When looking at the Earth from afar it appears to be a perfect sphere, but that actually isn’t the case. Because Earth isn’t uniform on all sides due to land masses that shift and change over time, our planet actually wobbles a bit when it spins. Now, a new study by researchers with NASA’s Jet Propulsion Laboratory and several universities and science centers has pinpointed the causes of Earth’s imperfect spin, called “polar motion,” and they found that humans are contributing to it.
The researchers used a wealth of data gathered over 100 years to build mathematical models to trace the causes of the wobble and found that three factors are at play, and mankind is responsible for one of them.
Two of the three factors identified by the scientists are glacial rebound and mantle convection. Glacial rebound happens when thick ice sheets physically push down on land masses, compressing them, but then release that pressure upon melting. The land then balloons back up over time, causing Earth’s spin to wobble as if slightly off-axis. The effects of the last ice age, which would have compressed a huge amount of land across many continents, is still being felt today in the form of glacial rebound.
Mantle convection, the other uncontrollable factor in Earth’s wobble, relates to our planet’s inner workings. The plates on Earth’s surface are in constant flux due to the movement of liquid rock far beneath our feet. The researchers believe these currents also contribute to the planet’s imperfect spin.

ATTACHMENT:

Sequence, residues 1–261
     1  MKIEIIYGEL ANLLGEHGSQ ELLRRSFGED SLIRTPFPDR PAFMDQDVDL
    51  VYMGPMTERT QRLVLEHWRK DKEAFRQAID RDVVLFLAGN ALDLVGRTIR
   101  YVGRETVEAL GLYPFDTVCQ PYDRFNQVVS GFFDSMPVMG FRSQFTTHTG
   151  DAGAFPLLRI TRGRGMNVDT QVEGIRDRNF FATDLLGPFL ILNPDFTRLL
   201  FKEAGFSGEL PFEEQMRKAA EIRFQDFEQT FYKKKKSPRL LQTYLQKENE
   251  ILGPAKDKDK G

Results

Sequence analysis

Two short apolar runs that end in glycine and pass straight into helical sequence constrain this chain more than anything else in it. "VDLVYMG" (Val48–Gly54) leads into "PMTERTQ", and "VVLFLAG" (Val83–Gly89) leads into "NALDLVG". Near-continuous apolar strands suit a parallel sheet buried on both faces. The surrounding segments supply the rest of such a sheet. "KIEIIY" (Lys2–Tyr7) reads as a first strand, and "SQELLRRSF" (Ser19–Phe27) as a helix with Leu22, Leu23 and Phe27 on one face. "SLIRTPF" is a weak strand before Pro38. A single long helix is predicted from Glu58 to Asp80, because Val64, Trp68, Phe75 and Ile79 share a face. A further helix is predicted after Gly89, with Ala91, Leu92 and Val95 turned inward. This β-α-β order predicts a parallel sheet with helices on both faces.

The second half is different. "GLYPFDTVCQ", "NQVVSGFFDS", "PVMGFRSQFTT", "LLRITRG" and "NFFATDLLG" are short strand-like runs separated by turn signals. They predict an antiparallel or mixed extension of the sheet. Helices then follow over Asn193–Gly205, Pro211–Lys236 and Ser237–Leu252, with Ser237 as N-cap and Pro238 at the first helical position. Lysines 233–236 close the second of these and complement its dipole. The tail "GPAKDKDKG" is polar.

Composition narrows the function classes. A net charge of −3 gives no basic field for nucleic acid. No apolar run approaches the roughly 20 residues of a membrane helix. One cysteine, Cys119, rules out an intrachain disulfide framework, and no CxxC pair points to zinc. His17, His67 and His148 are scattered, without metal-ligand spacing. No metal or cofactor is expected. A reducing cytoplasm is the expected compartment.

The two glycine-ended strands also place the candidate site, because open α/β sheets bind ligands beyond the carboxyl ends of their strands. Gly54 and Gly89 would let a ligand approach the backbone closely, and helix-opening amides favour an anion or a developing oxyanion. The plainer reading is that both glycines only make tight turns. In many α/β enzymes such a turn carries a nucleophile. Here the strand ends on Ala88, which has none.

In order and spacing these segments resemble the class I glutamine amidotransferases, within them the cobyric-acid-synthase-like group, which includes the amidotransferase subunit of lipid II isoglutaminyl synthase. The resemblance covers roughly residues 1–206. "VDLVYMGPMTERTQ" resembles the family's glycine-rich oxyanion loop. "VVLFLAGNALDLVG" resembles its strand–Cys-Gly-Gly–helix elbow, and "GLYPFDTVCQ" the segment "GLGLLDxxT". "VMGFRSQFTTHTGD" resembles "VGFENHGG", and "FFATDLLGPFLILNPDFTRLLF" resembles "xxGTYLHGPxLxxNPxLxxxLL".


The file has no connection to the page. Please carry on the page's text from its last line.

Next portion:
The third and final factor identified by the scientists is the massive loss of ice on Greenland and other areas, which is the direct result of global warming thanks to human activities. The researchers estimate that Greenland has lost roughly 7,500 gigatons, or 7,500,000,000,000 metric tons of ice due to global warming.
All that ice loss has happened in the 20th century, and greenhouse gas production has been cited as the primary culprit. Losing all that mass has caused a significant shift on the planet and has contributed to the wobble as well.
“With these three broad contributors identified, scientists can distinguish mass changes and polar motion caused by long-term Earth processes over which we have little control from those caused by climate change,” NASA writes. “They now know that if Greenland’s ice loss accelerates, polar motion likely will, too.”